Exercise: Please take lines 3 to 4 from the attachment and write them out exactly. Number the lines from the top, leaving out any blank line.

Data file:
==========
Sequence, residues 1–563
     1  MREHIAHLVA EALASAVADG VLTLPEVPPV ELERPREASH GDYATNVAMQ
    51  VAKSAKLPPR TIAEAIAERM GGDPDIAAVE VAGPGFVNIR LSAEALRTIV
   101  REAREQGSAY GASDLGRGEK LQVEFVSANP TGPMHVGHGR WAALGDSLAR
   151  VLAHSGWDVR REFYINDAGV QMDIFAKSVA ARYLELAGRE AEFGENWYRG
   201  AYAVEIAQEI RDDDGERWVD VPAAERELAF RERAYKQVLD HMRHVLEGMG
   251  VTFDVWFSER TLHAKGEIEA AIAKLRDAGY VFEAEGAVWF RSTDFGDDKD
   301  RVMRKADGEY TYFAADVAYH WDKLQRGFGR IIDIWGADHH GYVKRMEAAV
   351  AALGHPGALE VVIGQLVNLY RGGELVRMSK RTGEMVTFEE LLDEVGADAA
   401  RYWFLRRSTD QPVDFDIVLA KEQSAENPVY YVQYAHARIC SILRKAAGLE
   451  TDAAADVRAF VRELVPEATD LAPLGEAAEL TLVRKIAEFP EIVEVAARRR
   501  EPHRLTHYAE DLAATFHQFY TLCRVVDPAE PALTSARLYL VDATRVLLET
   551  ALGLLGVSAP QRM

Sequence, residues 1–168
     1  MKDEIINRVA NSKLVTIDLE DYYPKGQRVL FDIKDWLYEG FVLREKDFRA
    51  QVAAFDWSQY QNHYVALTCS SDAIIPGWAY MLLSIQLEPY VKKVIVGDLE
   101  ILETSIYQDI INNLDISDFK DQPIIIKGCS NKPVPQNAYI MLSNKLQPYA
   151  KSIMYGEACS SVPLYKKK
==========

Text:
    51  VAKSAKLPPR TIAEAIAERM GGDPDIAAVE VAGPGFVNIR LSAEALRTIV
   101  REAREQGSAY GASDLGRGEK LQVEFVSANP TGPMHVGHGR WAALGDSLAR